If you’ve ever lost anything you’ve loved, you’ve likely felt grief. Grieving something is a horrible feeling, but one we will all face, in varying degrees throughout life. It might be as trivial as reaching the end of a brilliant Netflix series you’ve been watching. Maybe it’s grieving the baby stage as your children grow up and reach new milestones. Or it's hugely challenging; the loss of a loved one, a miscarriage, a break-up, coming to terms with life-changing disruptions.
So we asked Grace McMahon, Beingwell's Chief Life Coach, how we can navigate grief.
Grief is hard, but it’s a natural response to loss. It’s our emotional reaction to having someone or something we love no longer in our lives. It causes us to experience painful emotions that we can shy away from and it can often feel out of control and overwhelming.
The grief blueprint
We tend to recognise 5 stages of grief, like a blueprint for processing. The individual feelings or stages we go through to deal with grief, to accept it and move on from loss.
Denial - ‘This can’t be happening to me!’
Anger - ‘Why is this happening? Who can I blame?’
Bargaining - ‘Change this, and in return I will…’
Depression - ‘I’m too sad to do anything.’
Acceptance - ‘I’m at peace with what happened.’
We might find peace in a blueprint, knowing what we’re going through. It’s important to know that grief (and any really challenging emotion) isn’t experienced in exactly the same way for us all. We won’t all go through these stages, and we very likely won’t go through them in order.
“There’s no right or wrong way to grieve.” - Marie Curie
And that’s why grief can be so difficult to manage, or why someone may seem to be doing so well following a loss to suddenly fall into deep sadness or longing years later.
Try not to focus on ticking them off, or think that healing only comes after going through each stage. We might not experience all of the stages either, and that’s ok.
How do we deal with these stages?
We all recognise the pain in grief, whether it’s yourself or someone else experiencing it. We can struggle to deal with the pain and want to get through it as quickly as possible which unfortunately isn’t really possible at all.
“Time heals all” is about as useful as being told to calm down when our anxiety is spiking or to cheer up when we’re feeling sad. It doesn’t help us in the moment of emotional turmoil, but time does heal grief, so how do we cope on the way to that?
Pay attention to the moment
When consumed with grief things can feel overwhelming and out of control, especially when we start ruminating on the past, or look to the future trying to guess how things will be. Practice being in the moment, even when the feelings are tough. Focus on what’s around you right now, to help you stay grounded. You could try mindfulness or meditation exercises, or simply take some deep breaths and count to 10 slowly, see what works for you and what you can manage.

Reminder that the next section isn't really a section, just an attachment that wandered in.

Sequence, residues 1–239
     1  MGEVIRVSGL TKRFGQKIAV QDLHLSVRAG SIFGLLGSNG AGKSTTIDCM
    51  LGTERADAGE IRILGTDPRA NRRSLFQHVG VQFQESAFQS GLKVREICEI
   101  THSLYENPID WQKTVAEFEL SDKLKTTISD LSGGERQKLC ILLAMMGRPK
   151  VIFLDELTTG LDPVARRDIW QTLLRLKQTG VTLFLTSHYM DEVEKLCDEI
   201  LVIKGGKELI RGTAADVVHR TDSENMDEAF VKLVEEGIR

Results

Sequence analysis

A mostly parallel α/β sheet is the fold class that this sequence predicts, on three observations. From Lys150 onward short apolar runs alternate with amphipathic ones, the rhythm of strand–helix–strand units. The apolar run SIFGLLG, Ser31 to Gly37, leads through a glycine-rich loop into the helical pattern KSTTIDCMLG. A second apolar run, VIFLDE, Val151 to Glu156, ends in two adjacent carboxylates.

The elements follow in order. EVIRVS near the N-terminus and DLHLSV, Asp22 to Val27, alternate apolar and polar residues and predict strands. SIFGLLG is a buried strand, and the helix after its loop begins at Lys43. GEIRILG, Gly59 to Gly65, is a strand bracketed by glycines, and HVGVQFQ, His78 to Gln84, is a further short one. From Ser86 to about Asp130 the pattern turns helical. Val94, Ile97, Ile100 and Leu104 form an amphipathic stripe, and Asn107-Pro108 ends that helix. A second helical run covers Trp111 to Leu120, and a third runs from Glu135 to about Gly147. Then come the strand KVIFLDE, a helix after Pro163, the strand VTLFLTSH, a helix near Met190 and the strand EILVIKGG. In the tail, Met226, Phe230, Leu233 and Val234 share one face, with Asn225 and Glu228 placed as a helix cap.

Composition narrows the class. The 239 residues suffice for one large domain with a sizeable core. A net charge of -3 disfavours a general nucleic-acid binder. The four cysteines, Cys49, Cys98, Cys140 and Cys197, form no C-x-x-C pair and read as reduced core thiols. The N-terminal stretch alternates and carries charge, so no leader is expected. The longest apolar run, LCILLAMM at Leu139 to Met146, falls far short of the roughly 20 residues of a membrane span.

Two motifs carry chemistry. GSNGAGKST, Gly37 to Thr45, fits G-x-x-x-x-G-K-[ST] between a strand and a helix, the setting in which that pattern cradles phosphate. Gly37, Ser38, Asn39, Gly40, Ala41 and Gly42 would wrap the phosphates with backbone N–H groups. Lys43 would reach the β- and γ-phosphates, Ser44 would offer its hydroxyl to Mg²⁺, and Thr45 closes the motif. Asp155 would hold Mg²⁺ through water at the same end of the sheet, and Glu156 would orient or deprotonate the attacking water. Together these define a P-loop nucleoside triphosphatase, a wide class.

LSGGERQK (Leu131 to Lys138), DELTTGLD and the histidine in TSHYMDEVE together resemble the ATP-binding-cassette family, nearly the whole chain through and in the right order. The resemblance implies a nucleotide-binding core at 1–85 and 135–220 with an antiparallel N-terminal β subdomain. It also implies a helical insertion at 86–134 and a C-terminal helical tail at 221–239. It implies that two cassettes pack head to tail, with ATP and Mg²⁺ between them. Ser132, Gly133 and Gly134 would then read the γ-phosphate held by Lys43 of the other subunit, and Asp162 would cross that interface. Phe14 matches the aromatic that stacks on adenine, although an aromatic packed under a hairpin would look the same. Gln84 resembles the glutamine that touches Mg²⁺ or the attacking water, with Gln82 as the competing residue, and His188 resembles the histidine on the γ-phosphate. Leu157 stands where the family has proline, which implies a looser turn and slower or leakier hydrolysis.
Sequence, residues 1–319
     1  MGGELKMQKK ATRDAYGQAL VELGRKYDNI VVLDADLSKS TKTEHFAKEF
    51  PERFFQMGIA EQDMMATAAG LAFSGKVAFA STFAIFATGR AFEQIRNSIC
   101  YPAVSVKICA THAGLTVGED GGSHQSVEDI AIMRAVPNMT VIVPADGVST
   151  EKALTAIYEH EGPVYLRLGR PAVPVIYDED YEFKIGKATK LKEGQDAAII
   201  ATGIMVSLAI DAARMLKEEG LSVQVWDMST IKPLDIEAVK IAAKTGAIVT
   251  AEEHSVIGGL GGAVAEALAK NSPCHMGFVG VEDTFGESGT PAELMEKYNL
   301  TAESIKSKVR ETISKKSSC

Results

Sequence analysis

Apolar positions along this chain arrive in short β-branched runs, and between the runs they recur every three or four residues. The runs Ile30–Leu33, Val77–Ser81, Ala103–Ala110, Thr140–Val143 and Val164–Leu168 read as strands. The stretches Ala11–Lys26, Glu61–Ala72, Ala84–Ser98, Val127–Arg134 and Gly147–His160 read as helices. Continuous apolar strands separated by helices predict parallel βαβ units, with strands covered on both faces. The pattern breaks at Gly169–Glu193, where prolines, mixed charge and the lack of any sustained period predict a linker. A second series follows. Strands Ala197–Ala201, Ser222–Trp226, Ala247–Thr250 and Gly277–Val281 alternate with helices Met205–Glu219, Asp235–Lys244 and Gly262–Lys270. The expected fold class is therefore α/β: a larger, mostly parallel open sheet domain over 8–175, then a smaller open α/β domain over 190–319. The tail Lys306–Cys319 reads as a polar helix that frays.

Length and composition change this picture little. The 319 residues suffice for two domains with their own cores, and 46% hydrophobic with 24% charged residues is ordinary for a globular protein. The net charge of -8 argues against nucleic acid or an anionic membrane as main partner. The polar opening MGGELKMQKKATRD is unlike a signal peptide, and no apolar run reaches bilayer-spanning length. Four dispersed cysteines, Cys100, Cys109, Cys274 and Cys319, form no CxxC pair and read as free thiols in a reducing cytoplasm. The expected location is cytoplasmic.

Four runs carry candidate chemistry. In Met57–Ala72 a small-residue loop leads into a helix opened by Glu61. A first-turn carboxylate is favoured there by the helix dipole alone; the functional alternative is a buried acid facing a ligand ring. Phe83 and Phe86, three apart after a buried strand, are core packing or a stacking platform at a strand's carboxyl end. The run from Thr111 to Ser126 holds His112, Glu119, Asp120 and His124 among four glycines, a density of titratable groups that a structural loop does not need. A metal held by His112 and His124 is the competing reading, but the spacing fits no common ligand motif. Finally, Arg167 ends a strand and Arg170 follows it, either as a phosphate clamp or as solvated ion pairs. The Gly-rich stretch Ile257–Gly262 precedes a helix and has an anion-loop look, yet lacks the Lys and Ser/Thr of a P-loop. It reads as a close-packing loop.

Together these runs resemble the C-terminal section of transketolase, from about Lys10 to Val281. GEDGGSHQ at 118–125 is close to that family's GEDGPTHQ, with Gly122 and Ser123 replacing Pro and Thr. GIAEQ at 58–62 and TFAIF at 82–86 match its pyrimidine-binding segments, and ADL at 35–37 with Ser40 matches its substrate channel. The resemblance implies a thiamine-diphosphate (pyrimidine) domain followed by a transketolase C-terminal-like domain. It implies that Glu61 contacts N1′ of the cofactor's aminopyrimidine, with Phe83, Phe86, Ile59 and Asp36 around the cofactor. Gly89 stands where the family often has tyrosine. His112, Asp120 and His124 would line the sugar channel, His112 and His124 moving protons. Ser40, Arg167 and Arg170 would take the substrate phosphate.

Keep notes on your feelings
Try keeping a journal, or a notes page on your phone, or post-it notes on a mirror. Note down the feelings you’re having, try to place the triggers. When we’re dealing with grief but trying to keep going our feelings can seem like they're in the way. They loom over us clouding the path. Jot them down, clear the path, and come back to them later. Although emotions are normal, we don’t always feel it’s safe to express them - and that’s ok, just come back to them later.
Allow yourself to feel the emotions
It can be really challenging to sit with our difficult feelings, when we’re grieving we often want to hide away or push the feelings aside to feel ok again. We generally don’t like to feel uncomfortable, but not allowing ourselves space and time to feel what we’re feeling usually only sees those challenges come back, for stronger and longer. Create time to feel things, crying or feeling angry can be part of the process. Create a comfortable space to be in - comfy cushion, cosy blankets, or maybe you’d prefer a bath. Or find a cathartic release that helps you relieve these feelings, perhaps a long run, an intense workout, or painting your feelings.
Talk about it
Talking, especially about those we miss and things we longed for, helps us process our feelings. Whether it’s with a family member, a friend or even a professional, talk about the loss, reminisce and remember, laugh and cry with others. Connecting strengthens bonds in relationships, making them more satisfying which can be really comforting for us in difficult times. It helps us work through the big feelings, without feeling so submerged into them that we have no way out.
Take care of yourself
Grief can do strange things to us, we can feel topsy turvy with no indication of when it’ll stop. And this can make us feel worse, or like there’s no way to get back to ourselves. Emotional pain is draining to experience, leaving us exhausted and lethargic, which tends to worsen how we feel. Nourish, move and rest your body to take care of yourself physically, and protect your wellbeing when things are tough.
“Even years after a loss, especially at special events such as a family wedding or the birth of a child, we may still experience a strong sense of grief.” Elisabeth Kübler-Ross, Psychiatrist
Time as a healer: Yes, time is a healer but that’s not super helpful when we’re going through pain, it doesn’t feel tangible. Be patient and kind with yourself (and others) when you’re healing. We can’t predict the process, we can’t banish the feelings, and we can’t gloss over things (sustainably at least).